Andrew Harvey with advisors Dr Sean Rintel and Dr Richard Fitzgerald
Andrew Harvey with advisors Dr Sean Rintel and Dr Richard Fitzgerald
30 April 2012

Meters displaying live data on home electricity consumption have become commonplace in recent years, but researchers are now seeking ways to deliver even more useful information to householders.

At The University of Queensland, Andrew Harvey — a graduate of School of Journalism and Communication — has won funding for his research project that aims to further empower consumers to save energy using real time interactive in-home displays.

Despite the Queensland Government's decision last week to scrap the ClimateSmart Home Service, it was inevitable that time-of–use charging for electricity would be introduced across Australia in the next decade, Mr Harvey said.

“Electricity will become relatively more expensive at peak times of day,” he said. “There will be an increasing demand from consumers for better information and techniques for lowering power bills and usage.”

Under the scrapped scheme, Queenslanders could pay $50 to have an electrician visit to advise on power-saving techniques and to install low-energy bulbs and an easy-to-read meter inside the home to raise awareness of electricity usage.

“Currently, household electricity bills arrive every three months, but they only deliver data, not information,” Mr Harvey said. “There is a big gap in communication. If this is addressed, consumers will be able to make better, more informed choices.

“A study in Europe showed there was an 8-12 per cent decrease in domestic energy consumption when energy displays were placed in people’s homes.

“We are developing a device that takes the data on how much energy a household consumes and uses interaction design to make it easy to understand and act on.

“Our real endgame is to help Australian households to save energy, money, and carbon emissions.”

SJC academics Dr Sean Rintel and Dr Richard Fitzgerald will advise on the research, for which Mr Harvey has won a UQ Research Scholarship that he will use to develop a Masters of Philosophy project.

Mr Harvey will undertake ethnographic field work on domestic energy usage and how people understand energy. It will include spending time with volunteer households, watching how they use electricity and how they take up energy-saving opportunities.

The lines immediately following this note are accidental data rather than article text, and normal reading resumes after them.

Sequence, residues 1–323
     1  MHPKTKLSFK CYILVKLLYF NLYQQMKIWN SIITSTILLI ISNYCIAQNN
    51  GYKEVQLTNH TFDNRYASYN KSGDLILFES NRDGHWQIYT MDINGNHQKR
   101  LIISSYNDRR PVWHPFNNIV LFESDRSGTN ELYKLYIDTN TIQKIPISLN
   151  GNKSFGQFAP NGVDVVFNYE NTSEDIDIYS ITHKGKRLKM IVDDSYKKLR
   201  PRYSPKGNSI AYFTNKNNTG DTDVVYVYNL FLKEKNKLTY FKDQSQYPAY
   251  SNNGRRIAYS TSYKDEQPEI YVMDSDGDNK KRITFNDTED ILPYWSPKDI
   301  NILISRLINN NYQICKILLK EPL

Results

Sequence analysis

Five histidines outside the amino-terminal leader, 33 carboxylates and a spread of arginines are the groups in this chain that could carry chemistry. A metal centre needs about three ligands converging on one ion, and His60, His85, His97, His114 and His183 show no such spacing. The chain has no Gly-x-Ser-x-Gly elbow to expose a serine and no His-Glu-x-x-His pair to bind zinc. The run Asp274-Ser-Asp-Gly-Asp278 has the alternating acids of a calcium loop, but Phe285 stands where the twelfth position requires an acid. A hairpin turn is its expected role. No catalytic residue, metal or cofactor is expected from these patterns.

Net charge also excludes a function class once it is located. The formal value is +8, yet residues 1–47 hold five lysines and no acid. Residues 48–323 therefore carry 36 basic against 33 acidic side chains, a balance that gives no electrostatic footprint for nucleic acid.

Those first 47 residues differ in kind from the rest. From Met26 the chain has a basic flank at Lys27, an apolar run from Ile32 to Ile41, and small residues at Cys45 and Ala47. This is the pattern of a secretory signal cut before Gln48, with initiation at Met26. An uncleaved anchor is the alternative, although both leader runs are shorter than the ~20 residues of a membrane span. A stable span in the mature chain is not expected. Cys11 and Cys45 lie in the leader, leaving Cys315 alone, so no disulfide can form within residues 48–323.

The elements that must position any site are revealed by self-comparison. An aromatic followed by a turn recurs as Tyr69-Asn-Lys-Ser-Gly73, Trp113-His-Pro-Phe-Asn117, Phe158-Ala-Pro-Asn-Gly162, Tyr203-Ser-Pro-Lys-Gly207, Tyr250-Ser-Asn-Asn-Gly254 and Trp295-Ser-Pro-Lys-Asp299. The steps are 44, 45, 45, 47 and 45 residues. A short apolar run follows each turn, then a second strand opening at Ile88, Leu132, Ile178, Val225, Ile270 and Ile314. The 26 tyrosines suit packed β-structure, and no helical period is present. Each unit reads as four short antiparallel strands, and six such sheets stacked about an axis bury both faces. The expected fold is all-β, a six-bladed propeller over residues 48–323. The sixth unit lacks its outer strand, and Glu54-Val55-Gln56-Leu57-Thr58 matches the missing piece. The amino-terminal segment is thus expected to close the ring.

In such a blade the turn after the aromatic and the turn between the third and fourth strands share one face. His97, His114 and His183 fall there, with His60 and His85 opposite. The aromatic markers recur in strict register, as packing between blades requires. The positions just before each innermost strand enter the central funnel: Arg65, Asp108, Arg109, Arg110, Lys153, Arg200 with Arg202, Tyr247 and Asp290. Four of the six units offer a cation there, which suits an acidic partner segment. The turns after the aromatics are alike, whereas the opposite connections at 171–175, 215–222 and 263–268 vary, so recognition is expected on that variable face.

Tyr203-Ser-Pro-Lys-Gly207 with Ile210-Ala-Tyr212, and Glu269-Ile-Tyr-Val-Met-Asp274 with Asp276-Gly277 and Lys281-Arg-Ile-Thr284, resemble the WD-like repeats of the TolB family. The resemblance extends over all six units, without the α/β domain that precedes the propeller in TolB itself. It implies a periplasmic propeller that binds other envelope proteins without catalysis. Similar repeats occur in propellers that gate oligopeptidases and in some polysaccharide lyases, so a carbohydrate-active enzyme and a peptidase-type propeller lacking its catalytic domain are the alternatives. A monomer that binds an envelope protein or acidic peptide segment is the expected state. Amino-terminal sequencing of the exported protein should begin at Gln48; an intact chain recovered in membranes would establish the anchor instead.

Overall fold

“I have been called the ‘energy detective’,” Mr Harvey said.

The project has already attracted recognition. Andrew and his brother Dr Michael Harvey, an entrepreneur and academic in UQ’s School of Mathematics and Physics, have founded a company, MH Energy Metrics, and received a Queensland Government What’s Your Big Idea Queensland? grant. The pair are using that grant to kick-start research and development of their device.

“Andrew was a pretty special undergraduate, with his excellent marks, entrepreneurial spirit, and industry experience,” Dr Rintel said.

“The MPhil will provide principled research training, a deep understanding of science communication, computer-mediated communication, and grounding in interaction design.

“SJC focuses on cross-disciplinary approaches to contemporary problems. Andrew is collaborating with the UQ School of Information Technology and Electrical Engineering and has already attended some courses.

“There is a huge capacity for commercialisation of this research; Andrew and Michael are already exploring this area.”

Mr Harvey began studying science and maths at UQ in 2007 but then changed to Bachelor of Communication, majoring in Public Relations, after completing an Introduction to Public Relations summer course.

“For me, the goal is to be a respected source of knowledge for engaging consumers using communication technology, and, in this case, giving people the tools to reduce their energy usage and carbon footprint,” Mr Harvey said.

Media inquiries: Siena Perry, UQ School of Journalism and Communication, ph 07 3346 3465, 0404 520556.